Public perceptions of advance care planning (ACP) from an international perspective: A scoping review

Research output: Contribution to journalArticlepeer-review

Abstract / Description of output

Advance Care Planning (ACP) helps people discuss personal values, goals and priorities regarding future care with family and professionals. It can support care coordination and guide decision-making as health deteriorates. However, uptake remains low internationally. Poor communication and information due to Covid-19 pressures exacerbated public and professional criticism and concerns. Recent recommendations highlight the importance of understanding and addressing public perceptions about ACP combined with person-centred approaches to ACP conversations.

To explore public perceptions of ACP to inform increased public engagement and empowerment.

Joanna Briggs Institute methodology was applied in a rapid scoping review. Three databases (Embase, MEDLINE, APA PsycInfo) were searched for English language reviews and primary or secondary research studies from 2015 to 2021. Following title and abstract review, two researchers screened full-text articles and performed data extraction independently using Covidence. Charted data were analysed for themes and subthemes starting with two recent published reviews. Emerging findings were added and data synthesis reviewed by the research team, including public-patient representatives, to achieve consensus.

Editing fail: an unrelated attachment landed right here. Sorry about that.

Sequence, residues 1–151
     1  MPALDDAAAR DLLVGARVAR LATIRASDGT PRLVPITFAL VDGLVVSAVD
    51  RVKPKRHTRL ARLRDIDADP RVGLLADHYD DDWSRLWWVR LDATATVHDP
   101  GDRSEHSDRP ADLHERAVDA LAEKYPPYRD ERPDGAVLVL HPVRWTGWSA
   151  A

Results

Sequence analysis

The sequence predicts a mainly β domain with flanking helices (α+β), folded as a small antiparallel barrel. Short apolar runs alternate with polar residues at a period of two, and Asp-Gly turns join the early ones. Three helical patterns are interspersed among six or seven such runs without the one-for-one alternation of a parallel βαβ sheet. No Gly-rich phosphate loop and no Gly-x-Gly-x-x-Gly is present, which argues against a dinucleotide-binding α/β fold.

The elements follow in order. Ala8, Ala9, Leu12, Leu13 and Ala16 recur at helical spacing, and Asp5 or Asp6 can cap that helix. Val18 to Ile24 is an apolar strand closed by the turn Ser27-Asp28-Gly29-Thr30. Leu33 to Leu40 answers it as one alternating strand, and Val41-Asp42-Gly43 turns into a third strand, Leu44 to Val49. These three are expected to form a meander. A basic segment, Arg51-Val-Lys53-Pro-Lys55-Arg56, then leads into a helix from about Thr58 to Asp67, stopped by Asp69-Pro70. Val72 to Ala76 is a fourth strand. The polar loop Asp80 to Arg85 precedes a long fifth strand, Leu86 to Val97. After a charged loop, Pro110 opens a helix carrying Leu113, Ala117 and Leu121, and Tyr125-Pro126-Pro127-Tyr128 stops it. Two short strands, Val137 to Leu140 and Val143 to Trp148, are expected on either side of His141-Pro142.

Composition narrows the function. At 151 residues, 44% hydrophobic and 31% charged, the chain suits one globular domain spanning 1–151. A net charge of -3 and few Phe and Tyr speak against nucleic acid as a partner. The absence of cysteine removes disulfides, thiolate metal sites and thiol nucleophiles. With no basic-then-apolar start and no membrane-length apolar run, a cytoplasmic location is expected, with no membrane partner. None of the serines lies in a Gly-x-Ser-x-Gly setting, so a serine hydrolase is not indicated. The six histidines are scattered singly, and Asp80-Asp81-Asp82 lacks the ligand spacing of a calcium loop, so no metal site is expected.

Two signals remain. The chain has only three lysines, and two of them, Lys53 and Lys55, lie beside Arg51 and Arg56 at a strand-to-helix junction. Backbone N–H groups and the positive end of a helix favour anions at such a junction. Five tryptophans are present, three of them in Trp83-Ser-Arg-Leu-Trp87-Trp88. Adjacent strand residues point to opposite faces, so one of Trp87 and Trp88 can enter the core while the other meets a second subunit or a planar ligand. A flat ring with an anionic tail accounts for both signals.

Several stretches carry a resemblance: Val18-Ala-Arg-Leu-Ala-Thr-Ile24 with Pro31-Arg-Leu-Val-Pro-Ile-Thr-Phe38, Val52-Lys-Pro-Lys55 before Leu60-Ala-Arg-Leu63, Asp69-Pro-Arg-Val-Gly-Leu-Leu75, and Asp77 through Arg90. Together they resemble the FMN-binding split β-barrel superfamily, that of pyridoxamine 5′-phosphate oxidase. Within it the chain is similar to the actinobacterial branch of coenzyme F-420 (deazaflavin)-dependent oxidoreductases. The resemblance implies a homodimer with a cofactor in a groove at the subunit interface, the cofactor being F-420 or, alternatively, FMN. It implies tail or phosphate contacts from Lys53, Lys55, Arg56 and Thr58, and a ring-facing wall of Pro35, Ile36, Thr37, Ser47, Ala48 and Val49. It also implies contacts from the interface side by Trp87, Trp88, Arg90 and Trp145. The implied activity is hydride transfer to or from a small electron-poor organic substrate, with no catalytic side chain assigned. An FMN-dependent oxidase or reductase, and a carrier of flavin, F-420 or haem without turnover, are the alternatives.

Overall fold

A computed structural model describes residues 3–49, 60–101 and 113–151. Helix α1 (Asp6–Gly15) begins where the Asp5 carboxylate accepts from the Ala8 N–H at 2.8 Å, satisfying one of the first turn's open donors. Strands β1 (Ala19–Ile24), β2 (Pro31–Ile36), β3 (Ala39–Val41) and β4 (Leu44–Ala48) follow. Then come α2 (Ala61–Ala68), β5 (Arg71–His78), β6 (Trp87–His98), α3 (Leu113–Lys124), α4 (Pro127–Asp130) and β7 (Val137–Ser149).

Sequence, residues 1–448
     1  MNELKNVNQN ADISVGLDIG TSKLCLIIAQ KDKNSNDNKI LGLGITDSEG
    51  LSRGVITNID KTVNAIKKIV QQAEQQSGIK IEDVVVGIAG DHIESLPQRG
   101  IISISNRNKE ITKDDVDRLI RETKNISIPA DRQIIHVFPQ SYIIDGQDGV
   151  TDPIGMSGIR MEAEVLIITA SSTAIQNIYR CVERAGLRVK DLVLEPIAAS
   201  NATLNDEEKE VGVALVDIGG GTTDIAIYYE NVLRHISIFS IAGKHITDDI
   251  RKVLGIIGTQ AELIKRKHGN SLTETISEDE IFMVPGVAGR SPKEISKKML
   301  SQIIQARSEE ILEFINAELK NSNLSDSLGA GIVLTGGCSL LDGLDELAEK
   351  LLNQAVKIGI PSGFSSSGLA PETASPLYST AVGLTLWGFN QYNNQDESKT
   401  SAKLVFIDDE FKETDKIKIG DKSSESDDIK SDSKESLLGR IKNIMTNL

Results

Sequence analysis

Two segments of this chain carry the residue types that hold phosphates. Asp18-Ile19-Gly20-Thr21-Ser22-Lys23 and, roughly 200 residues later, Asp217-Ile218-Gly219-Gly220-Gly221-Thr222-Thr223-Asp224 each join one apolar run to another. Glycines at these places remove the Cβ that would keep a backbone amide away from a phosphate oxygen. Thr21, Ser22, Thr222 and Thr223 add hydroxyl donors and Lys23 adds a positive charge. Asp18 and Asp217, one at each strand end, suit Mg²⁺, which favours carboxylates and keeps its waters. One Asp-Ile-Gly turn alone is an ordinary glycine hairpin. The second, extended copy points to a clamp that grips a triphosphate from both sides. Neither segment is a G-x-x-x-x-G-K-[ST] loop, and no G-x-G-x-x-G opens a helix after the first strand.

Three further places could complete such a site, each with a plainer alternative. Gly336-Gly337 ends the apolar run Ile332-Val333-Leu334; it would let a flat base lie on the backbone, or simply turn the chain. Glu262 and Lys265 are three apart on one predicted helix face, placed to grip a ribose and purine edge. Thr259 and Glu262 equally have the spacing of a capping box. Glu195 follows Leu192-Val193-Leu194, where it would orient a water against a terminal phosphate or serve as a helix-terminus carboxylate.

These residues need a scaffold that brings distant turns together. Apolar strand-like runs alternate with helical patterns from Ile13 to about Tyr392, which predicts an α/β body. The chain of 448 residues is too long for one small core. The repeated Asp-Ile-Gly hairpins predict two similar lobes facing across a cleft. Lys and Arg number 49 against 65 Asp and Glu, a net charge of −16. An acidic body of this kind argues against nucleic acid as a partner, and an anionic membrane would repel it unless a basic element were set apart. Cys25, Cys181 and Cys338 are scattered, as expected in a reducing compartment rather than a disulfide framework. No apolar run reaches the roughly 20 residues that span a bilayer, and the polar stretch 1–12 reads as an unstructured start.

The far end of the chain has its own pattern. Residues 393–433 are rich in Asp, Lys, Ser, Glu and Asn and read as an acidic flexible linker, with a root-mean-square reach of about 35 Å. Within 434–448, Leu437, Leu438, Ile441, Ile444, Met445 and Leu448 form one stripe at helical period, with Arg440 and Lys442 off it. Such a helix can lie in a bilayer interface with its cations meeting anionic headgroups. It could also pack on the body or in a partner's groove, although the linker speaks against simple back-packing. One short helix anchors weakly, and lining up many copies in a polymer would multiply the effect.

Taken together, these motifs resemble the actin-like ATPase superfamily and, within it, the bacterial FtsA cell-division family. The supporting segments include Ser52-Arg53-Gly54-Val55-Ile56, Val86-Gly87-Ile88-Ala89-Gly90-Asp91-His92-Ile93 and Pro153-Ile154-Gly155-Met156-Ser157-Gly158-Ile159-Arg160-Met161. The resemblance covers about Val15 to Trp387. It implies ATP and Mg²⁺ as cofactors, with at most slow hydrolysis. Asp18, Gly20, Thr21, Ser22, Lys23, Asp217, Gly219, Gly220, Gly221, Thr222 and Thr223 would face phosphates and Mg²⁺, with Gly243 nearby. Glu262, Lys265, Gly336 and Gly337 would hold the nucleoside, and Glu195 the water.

Of 336 studies, 20 included reviews and research papers represented diverse public views, situations and contexts. Studies found poor public knowledge of ACP and widespread perceptions of confusing or accessible information. Multiple reports described little personal relevance, perceived risks of emotional distress, fears, mistrust and misconceptions about the purpose and scope of ACP. Studies identified public concerns stemming from reluctance to discuss death and dying despite this being just one aspect of ACP. Research with minority communities and marginalised groups found intensified concerns. Some studies cited people who valued maintaining autonomy by expressing their goals and preferences.

Studies reviewed found many members of the public had negative or unclear perceptions of ACP. Improved knowledge and understanding appeared to influence perceptions of ACP but were not considered sufficient to change behaviours. The research provided valuable insights from members of the public that could inform current professional and societal debates about the future of ACP. Findings point to a need for novel approaches to ACP public information and involvement whilst bearing in mind societal norms, diverse cultures and contexts.
Original languageEnglish
Article number107
Number of pages24
JournalBMC palliative care
Publication statusPublished - 28 Jul 2023

Keywords / Materials (for Non-textual outputs)

  • Advance Care Planning
  • anticipatory care planning
  • Palliative Care
  • primary palliative care
  • Public Opinion


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